LIMA — People began streaming out of Veterans Memorial Civic Center in downtown Lima on Friday morning, inspired and eager to help the community.
The United Way called its annual event its “Day of Caring,” but to Justin Walter, it was a day of inspiration.
“They inspired the rest of us,” said Walter, a Lima resident who was out with other employees from Trisco Systems, one of the sponsors for the day. They headed to the American Red Cross to help install smoke detectors in low-income homes. “After hearing what they said inside, you really realize how needed the work today is. … Just imagine how much we can do with 300 people today.”
More than 300 volunteers representing 29 different companies headed to 24 different sites Friday, said Brenda Burgy, one of the three co-chairs for the United Way’s campaign along with Jeff Fitzgerald and Ann Miles.
“These volunteers from companies will assist these non-profits with projects they just don’t have the resources to do otherwise,” Burgy said.
The organization celebrates its 100th anniversary in Lima this year and wanted to make even more of an impact than in the past two years. A 100th anniversary celebration is slated for Oct. 27 at the Knights of Columbus Hall on Lima’s Cable Road.
Organizers set a goal of raising $1.65 million for United Way member agencies, which the organization helps fund.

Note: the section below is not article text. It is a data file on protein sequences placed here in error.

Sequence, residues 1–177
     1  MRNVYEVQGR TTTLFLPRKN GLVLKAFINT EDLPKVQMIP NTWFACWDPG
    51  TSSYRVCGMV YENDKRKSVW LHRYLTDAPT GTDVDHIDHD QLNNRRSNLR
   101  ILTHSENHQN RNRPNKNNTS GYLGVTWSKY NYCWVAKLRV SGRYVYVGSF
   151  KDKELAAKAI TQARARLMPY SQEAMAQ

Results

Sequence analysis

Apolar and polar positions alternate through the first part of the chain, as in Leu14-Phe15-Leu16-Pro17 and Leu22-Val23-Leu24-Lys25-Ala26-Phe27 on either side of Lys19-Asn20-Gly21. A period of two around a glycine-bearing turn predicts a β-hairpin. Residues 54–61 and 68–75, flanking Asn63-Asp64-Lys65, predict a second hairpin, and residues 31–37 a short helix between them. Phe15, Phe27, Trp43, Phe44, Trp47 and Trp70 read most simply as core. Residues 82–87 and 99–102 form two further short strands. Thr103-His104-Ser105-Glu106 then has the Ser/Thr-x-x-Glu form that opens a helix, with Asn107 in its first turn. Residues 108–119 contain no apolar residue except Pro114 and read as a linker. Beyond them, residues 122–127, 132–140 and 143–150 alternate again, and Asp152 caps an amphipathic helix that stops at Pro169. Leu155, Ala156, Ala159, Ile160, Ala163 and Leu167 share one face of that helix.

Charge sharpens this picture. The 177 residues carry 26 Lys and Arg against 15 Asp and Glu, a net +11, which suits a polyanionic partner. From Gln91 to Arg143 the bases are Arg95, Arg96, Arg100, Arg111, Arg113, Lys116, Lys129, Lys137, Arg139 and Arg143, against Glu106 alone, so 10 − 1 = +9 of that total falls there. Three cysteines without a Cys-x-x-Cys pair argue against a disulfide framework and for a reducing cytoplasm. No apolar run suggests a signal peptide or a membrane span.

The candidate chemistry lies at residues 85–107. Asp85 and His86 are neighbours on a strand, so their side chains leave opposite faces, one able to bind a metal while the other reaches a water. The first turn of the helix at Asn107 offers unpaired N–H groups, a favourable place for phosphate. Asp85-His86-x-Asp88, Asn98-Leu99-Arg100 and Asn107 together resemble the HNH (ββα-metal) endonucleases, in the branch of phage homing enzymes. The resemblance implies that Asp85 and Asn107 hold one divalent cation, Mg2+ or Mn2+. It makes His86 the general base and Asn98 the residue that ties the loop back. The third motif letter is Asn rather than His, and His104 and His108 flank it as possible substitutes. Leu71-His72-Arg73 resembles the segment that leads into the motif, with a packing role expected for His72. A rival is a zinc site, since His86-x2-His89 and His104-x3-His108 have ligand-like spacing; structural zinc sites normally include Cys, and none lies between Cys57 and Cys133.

Miles reminded the crowd of the good work done by United Way member agencies. She recalled growing up in Lima and benefiting from some of those agencies.
“The United Way is not just giving a hand out; it gives a hand up to individuals in our community,” said Miles, a former city councilor and school board member.
Krista Starr was one of those people who got a hand up. She told her story of getting out of an abusive home and checking into Crossroads Crisis Center with teeth literally knocked out of her jaw in July 2013. Services of United Way agencies, who she nicknamed “Team Krista,” helped her rebuild her confidence and her life, including dental work and educational opportunities.
“They supported me. They encouraged me to become the person they knew I could be, even when I didn’t see it myself,” said Starr, who became a community healthcare worker and now is working on becoming a social worker.
Some of Friday’s volunteers headed out to Faurot Park to work on a skate park and a nature trail. Others helped with a special abilities picnic at Camp Robin Rogers. Many picked up paint brushes to freshen up spaces at nonprofits such as the Boy Scouts or United Way of Greater Lima. Still others spent the day outside, pulling weeds and doing landscaping at places such as ARC of Allen County or United Way. Two crews worked out of the West Ohio Food Bank, handing out produce or packing senior boxes and backpacks.
The day opened with a song-filled breakfast. Students from Lima Senior, Shawnee and Spencerville joined their voices to provide music that set the tone for the day. They belted out the lyric from Bruno Mars’ “Count on Me”: “You can count on me because I can count on you.”
Even their wardrobe — a rainbow of red, blue, yellow and gray shirts emblazoned with the words peace, unity, love and hope — reminded the volunteers of the value of their task.
“You hear that we’re all too busy nowadays,” Walter said. “There’s no one here today who wasn’t too busy to take a day away from work and help. It’s great to see.”